Juana Ortiz, a 16-year-old worker at a rose farm in Cayambe, Ecuador.
Juana Ortiz, a 16-year-old worker at a rose farm in Cayambe, Ecuador. - 
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SCOTT JAGOW: A trade deal with several South American countries expires tomorrow.But President Bush is expected to sign an extension that'll keep it going for another eight months.

We've had this pact with Peru, Columbia, Bolivia and Ecuador for 16 years. They send goods to the U.S. duty-free.In exchange, they're supposed to crack down on the production of cocaine and other drugs. It's a rosy deal for a country like Ecuador. Ecuador provides a quarter of the roses sold in this country. Mary Stucky reports.

Mary Stucky: Some 65,000 people in Ecuador, many of them women, work in flower fields and greenhouses like this one. . . .

Here at the Malima Flower Plantation workers use rubber gloves to strip leaves from flower stems. They're packing the flowers in boxes and stacking them 6 feet high. Next stop, the airport and planes bound for Miami.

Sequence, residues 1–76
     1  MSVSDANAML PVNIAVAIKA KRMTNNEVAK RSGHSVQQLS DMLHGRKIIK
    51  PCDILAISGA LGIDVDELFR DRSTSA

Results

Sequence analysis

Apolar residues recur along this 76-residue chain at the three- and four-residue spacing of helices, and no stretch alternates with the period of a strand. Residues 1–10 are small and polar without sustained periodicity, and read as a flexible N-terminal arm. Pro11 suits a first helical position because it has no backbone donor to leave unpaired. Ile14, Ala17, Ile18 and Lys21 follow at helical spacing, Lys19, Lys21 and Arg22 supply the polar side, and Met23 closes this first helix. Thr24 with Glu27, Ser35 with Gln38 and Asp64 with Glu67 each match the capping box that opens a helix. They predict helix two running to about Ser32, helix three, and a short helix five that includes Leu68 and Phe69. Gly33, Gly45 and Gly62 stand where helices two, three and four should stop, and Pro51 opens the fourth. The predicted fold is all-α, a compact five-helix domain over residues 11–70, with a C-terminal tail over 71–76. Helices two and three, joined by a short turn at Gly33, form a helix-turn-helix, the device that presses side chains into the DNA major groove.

There are 180 workers on this farm. One of them is Elvia Ordonez.

Elvia ORDONEZ [interpreter]: The work at the flower farm is very important for us. These flowers maintain us. They feed us.

The United States originally called for the duty-free arrangement with the Andean countries to be replaced by a permanent free-trade agreement. But leftist presidents in the region, including Ecuadorian President Rafael Correa, oppose free trade.

Manuel Chiriboga is Ecuador's former chief trade negotiator.

MANUEL CHIRIBOGA: Basically it has to do with how people feel about the United States in the sense that they see it as a big country, sometimes as a bully pushing small countries around.

Some Republicans in the U.S. wanted to punish Ecuador for its stand against free trade by ending the duty-free deal. But that could mean more illegal immigration to the United States. Flower workers live in regions where their only choice used to be leaving the country in search of work. Chiriboga says the availability of flower jobs changed that.

CHIRIBOGA: Right now there are regions where people go to work. A number of small businesses have developed to sell all kinds of things.

Not just in Ecuador. Also here in the U.S. Most products from Andean countries arrive through the port of Miami. Though many workers would prefer a two-year extension of the duty-free deal to one lasting another eight months, for now, the future is at least looking a little rosier.

In Ecuador, I'm Mary Stucky for Marketplace.